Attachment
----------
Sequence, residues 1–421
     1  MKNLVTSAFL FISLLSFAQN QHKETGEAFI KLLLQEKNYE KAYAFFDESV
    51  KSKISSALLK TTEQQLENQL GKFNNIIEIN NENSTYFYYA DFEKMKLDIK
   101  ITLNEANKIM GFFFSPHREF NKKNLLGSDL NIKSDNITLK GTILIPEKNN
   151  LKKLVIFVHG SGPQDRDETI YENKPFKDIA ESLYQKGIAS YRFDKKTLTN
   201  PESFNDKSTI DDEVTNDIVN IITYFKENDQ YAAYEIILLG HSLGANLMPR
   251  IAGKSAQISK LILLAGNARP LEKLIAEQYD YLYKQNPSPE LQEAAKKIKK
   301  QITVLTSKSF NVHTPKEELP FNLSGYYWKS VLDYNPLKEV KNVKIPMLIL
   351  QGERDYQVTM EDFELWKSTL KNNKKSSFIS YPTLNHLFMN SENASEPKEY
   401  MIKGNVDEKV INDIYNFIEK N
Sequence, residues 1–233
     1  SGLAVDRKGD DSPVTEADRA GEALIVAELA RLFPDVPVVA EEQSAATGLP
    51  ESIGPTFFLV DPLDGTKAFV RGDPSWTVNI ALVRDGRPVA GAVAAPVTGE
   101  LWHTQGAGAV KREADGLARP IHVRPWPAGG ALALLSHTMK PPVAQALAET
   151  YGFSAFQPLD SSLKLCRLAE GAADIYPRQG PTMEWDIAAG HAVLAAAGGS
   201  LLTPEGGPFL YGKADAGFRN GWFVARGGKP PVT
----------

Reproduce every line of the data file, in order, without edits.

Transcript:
Sequence, residues 1–421
     1  MKNLVTSAFL FISLLSFAQN QHKETGEAFI KLLLQEKNYE KAYAFFDESV
    51  KSKISSALLK TTEQQLENQL GKFNNIIEIN NENSTYFYYA DFEKMKLDIK
   101  ITLNEANKIM GFFFSPHREF NKKNLLGSDL NIKSDNITLK GTILIPEKNN
   151  LKKLVIFVHG SGPQDRDETI YENKPFKDIA ESLYQKGIAS YRFDKKTLTN
   201  PESFNDKSTI DDEVTNDIVN IITYFKENDQ YAAYEIILLG HSLGANLMPR
   251  IAGKSAQISK LILLAGNARP LEKLIAEQYD YLYKQNPSPE LQEAAKKIKK
   301  QITVLTSKSF NVHTPKEELP FNLSGYYWKS VLDYNPLKEV KNVKIPMLIL
   351  QGERDYQVTM EDFELWKSTL KNNKKSSFIS YPTLNHLFMN SENASEPKEY
   401  MIKGNVDEKV INDIYNFIEK N
Sequence, residues 1–233
     1  SGLAVDRKGD DSPVTEADRA GEALIVAELA RLFPDVPVVA EEQSAATGLP
    51  ESIGPTFFLV DPLDGTKAFV RGDPSWTVNI ALVRDGRPVA GAVAAPVTGE
   101  LWHTQGAGAV KREADGLARP IHVRPWPAGG ALALLSHTMK PPVAQALAET
   151  YGFSAFQPLD SSLKLCRLAE GAADIYPRQG PTMEWDIAAG HAVLAAAGGS
   201  LLTPEGGPFL YGKADAGFRN GWFVARGGKP PVT